“Who? Me?”–International Students, Pedagogically Undefined

“How many of you are ‘international’ students?” I asked one of my college writing classes the first day of semester some time ago.

About a third of the twenty or so students raised their hands, including some that were half-raised, so I paused to ask what that meant.

One student responded: “I was born here in the US but studied in Korea, and my English is not good.” Her father had been a scientist working in the US but the family decided to live back home after some time, eventually sending their daughter back for higher education. A second student had migrated to the US from the Caribbean while he was in middle school but he said he still had concerns about language fluency in general. Yet another student had come to the US more recently but was fluent in speech; instead he was worried about his writing skills. None of these students were on student visa status in the US.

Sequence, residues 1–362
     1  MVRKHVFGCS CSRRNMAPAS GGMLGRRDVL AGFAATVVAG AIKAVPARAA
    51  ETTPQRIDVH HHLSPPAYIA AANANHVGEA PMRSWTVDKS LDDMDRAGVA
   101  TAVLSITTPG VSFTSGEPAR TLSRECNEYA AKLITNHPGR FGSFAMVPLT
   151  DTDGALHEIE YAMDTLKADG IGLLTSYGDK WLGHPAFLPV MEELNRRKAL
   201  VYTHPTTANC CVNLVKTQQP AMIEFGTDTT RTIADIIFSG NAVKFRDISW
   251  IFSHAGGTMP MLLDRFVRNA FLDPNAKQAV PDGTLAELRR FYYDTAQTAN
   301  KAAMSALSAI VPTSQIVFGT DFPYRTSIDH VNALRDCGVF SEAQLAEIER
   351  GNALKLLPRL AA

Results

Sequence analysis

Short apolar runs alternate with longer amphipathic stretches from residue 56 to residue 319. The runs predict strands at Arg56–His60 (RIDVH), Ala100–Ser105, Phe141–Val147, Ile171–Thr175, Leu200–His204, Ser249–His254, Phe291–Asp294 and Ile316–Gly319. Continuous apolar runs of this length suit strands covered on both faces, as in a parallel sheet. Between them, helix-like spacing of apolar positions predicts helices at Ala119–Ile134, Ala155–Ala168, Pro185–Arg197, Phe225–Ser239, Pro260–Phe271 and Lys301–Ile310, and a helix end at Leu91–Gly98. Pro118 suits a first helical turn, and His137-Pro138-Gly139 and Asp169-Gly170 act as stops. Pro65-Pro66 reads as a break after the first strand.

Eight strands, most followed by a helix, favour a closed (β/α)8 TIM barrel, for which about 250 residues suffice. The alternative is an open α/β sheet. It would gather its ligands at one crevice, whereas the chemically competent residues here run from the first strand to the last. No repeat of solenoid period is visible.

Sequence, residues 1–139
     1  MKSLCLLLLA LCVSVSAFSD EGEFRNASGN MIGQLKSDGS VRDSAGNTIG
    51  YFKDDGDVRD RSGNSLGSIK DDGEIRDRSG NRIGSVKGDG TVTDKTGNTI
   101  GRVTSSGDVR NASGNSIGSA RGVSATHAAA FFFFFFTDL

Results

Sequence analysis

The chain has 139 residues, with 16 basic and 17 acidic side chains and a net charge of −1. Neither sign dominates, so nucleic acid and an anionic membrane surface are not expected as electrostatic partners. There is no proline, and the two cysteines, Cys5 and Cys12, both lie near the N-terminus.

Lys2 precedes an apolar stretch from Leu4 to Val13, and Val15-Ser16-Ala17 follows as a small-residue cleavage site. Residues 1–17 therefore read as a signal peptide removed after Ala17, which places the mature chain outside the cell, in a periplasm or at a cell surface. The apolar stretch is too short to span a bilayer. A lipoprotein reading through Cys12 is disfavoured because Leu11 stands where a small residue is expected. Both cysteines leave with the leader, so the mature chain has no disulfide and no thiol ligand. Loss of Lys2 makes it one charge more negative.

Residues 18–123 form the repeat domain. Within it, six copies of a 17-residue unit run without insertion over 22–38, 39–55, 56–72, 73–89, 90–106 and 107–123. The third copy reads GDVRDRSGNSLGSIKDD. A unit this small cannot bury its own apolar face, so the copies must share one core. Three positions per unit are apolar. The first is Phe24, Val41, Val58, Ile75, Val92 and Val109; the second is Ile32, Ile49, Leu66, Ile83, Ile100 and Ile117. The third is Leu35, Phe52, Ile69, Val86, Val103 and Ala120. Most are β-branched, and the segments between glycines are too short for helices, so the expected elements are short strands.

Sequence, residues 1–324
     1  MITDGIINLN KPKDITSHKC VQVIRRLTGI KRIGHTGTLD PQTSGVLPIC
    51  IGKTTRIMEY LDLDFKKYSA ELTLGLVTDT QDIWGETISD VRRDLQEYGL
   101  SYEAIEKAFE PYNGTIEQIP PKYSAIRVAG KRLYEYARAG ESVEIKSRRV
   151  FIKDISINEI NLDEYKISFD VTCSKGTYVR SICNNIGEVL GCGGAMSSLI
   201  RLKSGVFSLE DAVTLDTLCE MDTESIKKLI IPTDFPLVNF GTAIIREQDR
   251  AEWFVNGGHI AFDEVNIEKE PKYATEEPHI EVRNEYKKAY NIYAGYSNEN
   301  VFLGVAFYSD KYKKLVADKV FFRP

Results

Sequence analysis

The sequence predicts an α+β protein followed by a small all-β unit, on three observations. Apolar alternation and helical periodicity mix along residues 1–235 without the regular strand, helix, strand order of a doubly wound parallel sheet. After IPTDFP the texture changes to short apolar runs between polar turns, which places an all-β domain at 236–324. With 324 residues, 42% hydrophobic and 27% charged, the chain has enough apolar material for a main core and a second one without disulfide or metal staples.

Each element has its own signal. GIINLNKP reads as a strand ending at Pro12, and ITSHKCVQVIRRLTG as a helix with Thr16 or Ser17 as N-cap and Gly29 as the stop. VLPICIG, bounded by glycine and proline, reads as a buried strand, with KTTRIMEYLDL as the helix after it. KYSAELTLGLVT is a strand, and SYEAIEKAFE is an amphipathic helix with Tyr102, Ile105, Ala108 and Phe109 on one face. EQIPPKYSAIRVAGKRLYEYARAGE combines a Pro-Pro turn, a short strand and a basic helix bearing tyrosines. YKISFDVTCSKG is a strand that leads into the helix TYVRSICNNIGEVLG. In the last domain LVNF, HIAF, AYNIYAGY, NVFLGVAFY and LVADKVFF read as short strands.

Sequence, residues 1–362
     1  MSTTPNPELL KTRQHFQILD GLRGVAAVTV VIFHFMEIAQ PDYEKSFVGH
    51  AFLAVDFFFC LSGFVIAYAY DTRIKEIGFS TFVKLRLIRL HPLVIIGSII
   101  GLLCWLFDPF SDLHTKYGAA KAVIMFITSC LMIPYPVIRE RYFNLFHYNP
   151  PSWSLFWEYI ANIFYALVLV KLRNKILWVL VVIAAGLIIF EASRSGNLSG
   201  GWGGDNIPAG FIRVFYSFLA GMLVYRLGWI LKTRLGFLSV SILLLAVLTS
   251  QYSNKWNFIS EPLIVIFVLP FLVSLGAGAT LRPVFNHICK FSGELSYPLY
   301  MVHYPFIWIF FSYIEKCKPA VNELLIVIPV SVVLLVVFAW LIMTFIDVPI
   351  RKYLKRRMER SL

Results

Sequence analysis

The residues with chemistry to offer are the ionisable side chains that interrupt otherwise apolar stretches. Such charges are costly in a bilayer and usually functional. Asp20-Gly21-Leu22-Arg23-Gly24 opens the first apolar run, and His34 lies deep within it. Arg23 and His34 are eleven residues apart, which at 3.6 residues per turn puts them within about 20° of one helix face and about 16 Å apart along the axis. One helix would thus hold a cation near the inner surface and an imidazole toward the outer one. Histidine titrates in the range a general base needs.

At this point, two additional students decided to join the conversation, and one of them said, “I am NOT an international student but a lot of people think I am, because I ‘look like’ one.” Continue reading

Beauty and Power of Multilingualism